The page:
I want to prove correctness for an algorithm that is the composition of three functions.

In order to provide a readable description of the whole process, my document is structured top-down, i.e. it begins with a description of the composition followed by each part. Due to the size of the parts (the composition itself is rather trivial) the top-level view is on the same hierarchy as each part (a section of the chapter).

Because of this structure, I would like to discuss the correctness theorem in the beginning. Naturally, its proof is also rather trivial, given the (much more interesting) correctness of each part. These proofs I would like to present along each part (in a subsection). Therefore, the theorem depends on three lemmata, which are defined later in the document.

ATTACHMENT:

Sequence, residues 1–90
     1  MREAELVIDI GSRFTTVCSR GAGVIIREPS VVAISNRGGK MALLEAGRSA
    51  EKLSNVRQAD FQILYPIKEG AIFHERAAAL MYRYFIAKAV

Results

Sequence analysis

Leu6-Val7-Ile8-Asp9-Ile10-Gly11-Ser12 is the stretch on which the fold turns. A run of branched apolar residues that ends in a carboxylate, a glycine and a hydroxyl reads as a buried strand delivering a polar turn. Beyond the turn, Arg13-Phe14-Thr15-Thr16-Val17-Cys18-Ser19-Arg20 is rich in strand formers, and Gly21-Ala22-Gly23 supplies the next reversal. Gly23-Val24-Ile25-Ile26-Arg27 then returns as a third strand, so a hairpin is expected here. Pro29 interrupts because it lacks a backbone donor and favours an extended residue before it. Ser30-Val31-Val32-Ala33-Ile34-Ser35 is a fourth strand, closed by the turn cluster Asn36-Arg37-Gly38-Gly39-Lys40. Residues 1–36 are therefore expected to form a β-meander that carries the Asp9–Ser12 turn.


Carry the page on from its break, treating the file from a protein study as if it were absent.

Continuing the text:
What is a good style to introduce these dependencies? Putting them before the theorem might seem a little bit "out of the blue", putting them after the theorem might disturb the flow of reading. Ideally, I'd like to introduce them on the fly in the proof of the theorem and present them later, but what is a good way to do so?

1 Answer 1


In general, it is a good idea to give your reader a "roadmap" of the approach that you will take early on. You might even introduce the theorem itself early on, but leave the proof for later.

Once you have established your roadmap, then you can proceed in order, building up to the theorem that the reader knows is coming (referencing you plan in the narrative that connects the mathematics).

Finally, when you have all three lemmas in place, you can return to the theorem, restate it, and state the simple proof drawing on all three lemmas.

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